Half-scale dress form tutorial

I have additional patterns for DIY mini dress forms on Craftsy and Etsy. If you want to sew a dress form, take a look at my Mini Stuffed Dress Form pattern. I have a paper version of the half scale dress form that is a little easier to make than the craft foam dress form below. I also designed a complete set of basic block/sloper patterns to fit the paper dress form.

I have free dress patterns on Craftsy that will fit all versions of the half scale dress forms. I plan to keep adding dresses to the collection as I practice my patternmaking skills, so follow me on Craftsy if you want to be notified when I upload new patterns.

I designed and made a half-scale paper mache dress form to practice patternmaking on. I thought it came out pretty well, so I’m sharing the pattern and instructions for making one.

This is the dress form. I named her Bitsy.

Here she is with a knit cover, wearing her arms.
Dressform with arms front

This miniature dress form is about 17″ tall, and her bust, waist, and hip measurements are 18″, 13.25″, and 18.25″.

The Amazon product links on this page are affiliate links. If you click on these links and purchase something, I will earn a small commission.

Materials for a torso and two arms:
•  1/16″ (2 mm) thick craft foam (4 sheets of 11″x17″ or 10 sheets of 8.5″x11″)
•  High quality masking tape or box sealing tape. I discovered that thin cheap masking tape will start slipping off after a few hours, so tape up a test piece and let it sit for a day to see if it slips before you get too far into the project.
•  Corrugated cardboard
•  Manila folder or piece of heavy paper
•  Scissors that will cut cardboard
•  Mechanical pencil or very sharp pencil
•  Ruler with millimeter markings
•  Awl or pin
•  X-Acto knife or other small razor knife
•  1″ wide paint brush
•  Elmer’s Glue-All (about 7 ounces), white flour, or cornstarch for paper mache. See recipes.
•  Newspaper
•  Thin hook and loop tape (Velcro) for attaching arms
•  Tissue paper for final layer of paper mache (optional)
•  Support stand with 0.5″ to 1.5″ diameter dowel or tube (optional)
•  Artists’ sealing spray and/or paint (optional)
•  The pattern. Here is the original pattern that is illustrated in the instructions below. I also have a revised pattern with an improved neck. The revised pattern does not have a hole for the neck; the neck just sits on top. I did not re-write the instructions for the revised version, but you can click here to see pictures that show how the revised neck goes together.

Get all of your pieces cut out and supplies assembled ahead of time, then try to tape up the dress form all at once and get at least a couple layers of paper mache on within a couple of days. After a while, even the best tape starts to slip off and you get sharp bends at the seams rather than smooth curves.

Print out the pattern (preferably on thick paper). The border around each sheet is 7.5″x10″. If you print it to a different scale, you will have to adjust the length of the support tube (made out of a 7.5″x11″ rectangle of manila paper – see below). Carefully cut out each piece, making sure to cut off the lines (cut on the inside edges of the lines).

Determine which side is the right side of each sheet of craft foam, and mark X’s on the wrong side. The foam will bend more easily toward the wrong side, so this is very important. I found this out the hard way when I made my first prototype. One piece was cut with the wrong side out, and it rippled and wouldn’t lie smoothly. The right side may have a smoother texture.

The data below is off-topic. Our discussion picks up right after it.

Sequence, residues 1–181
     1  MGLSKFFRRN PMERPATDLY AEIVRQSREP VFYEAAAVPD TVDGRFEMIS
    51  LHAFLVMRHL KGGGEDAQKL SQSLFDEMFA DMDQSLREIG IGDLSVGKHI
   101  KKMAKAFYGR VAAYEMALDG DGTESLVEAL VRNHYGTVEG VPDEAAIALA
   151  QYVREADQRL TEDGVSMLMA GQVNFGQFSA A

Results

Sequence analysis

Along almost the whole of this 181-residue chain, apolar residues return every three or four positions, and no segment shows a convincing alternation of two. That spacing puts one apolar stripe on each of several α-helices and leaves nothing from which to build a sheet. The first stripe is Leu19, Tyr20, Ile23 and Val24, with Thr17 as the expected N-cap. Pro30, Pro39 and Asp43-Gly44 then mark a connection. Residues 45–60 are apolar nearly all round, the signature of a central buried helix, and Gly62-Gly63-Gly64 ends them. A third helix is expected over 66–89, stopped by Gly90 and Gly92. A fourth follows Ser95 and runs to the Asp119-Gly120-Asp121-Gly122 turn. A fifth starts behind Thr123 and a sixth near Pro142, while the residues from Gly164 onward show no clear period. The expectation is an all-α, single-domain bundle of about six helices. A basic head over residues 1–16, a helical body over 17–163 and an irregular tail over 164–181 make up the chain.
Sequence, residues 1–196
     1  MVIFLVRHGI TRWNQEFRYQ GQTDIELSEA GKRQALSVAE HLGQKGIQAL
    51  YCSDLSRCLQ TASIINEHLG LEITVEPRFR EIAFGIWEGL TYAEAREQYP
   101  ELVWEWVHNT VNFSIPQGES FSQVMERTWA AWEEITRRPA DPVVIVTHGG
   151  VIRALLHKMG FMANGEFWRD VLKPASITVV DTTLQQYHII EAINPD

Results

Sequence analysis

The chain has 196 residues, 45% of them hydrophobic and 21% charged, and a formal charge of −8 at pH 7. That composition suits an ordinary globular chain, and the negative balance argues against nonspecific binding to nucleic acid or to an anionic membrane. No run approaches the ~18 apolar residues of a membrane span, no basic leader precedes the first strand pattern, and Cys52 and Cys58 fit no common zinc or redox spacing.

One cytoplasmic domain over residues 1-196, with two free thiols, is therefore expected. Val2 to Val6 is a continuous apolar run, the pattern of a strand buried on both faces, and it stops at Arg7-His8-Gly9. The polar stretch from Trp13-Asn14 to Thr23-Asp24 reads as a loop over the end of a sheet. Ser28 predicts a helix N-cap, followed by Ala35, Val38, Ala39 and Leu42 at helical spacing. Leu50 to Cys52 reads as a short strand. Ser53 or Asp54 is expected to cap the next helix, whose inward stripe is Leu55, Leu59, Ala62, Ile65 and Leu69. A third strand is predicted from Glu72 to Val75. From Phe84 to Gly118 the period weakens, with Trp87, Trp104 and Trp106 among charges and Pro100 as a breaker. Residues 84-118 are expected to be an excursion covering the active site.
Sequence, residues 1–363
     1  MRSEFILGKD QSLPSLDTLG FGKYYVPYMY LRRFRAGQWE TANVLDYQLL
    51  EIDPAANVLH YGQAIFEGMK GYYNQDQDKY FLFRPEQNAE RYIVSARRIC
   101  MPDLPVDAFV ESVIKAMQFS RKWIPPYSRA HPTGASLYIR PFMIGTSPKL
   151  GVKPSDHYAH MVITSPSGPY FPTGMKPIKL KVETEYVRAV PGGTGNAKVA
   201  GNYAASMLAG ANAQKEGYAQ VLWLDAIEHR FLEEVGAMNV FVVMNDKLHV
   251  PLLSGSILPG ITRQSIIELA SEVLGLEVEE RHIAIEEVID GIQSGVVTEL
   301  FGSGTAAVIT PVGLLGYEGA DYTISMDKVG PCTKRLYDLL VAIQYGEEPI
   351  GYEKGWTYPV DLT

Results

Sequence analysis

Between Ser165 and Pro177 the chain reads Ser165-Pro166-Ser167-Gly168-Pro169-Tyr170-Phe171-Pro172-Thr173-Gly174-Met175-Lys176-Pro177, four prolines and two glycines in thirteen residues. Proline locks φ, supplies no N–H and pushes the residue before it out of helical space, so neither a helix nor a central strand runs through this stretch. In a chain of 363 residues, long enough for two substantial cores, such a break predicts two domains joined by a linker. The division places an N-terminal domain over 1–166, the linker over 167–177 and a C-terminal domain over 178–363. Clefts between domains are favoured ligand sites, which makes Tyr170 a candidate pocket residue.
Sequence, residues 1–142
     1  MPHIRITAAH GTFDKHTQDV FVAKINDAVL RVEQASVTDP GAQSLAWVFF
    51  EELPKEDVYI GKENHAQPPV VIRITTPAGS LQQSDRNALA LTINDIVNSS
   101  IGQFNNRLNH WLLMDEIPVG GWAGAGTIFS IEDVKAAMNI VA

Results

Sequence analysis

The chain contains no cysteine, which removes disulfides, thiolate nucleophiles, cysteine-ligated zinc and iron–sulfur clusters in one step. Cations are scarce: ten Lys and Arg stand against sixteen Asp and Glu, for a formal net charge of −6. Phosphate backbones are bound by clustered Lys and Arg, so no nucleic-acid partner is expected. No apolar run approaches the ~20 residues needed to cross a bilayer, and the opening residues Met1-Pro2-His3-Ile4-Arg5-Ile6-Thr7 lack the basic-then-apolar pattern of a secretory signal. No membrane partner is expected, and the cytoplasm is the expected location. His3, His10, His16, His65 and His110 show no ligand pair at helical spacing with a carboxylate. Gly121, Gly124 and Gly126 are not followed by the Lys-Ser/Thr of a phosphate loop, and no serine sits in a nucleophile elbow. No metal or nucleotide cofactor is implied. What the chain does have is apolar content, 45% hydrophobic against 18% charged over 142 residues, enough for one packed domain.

Trace and cut out each pattern piece from the material indicated on the pattern piece. Again, cut off your lines when you cut out the pieces so they don’t grow larger than the pattern.
• Mark all notch marks on the right side.
• On the wrong side of the front pieces, draw a line down the center front.
• Mark the center front on each bust piece.
• For the corrugated cardboard chest, waist, hip, and thigh supports, alternate the “grainline” direction for each piece.
• With a pin or awl, carefully punch a small hole to mark the center of the hole on the appropriate cardboard support pieces.
• Mark the center front and center back on each cardboard support piece.

Cut an exactly 7.5″ by about 11″ rectangle from a piece of manila folder.

Here are the pieces:

Hold your support dowel or ruler across the manila paper rectangle the short way and pull up on the paper to curl it (like curling a ribbon):

Roll the manila paper around the dowel you are using for the support, gluing as you go, and being careful to keep the paper straight. Make sure you don’t use so much glue that it oozes out and glues the paper to the dowel. Tape the ends down and leave the paper on the dowel to dry.

Wrap a strip of paper around the paper tube you just made and mark the circumference.

Measure the circumference you just marked to the nearest millimeter. Divide this measurement by 6.28 to get the radius. Cut a strip of manila paper a little longer that the radius. With a pin or awl, make 2 small holes exactly the distance of the radius apart. Enlarge one of the holes until it is just big enough to get the tip of your pencil through. Use the strip of paper as a compass to mark the holes on the hip supports, thigh supports, and 3 of the waist support pieces. Cut out the holes with an X-Acto knife.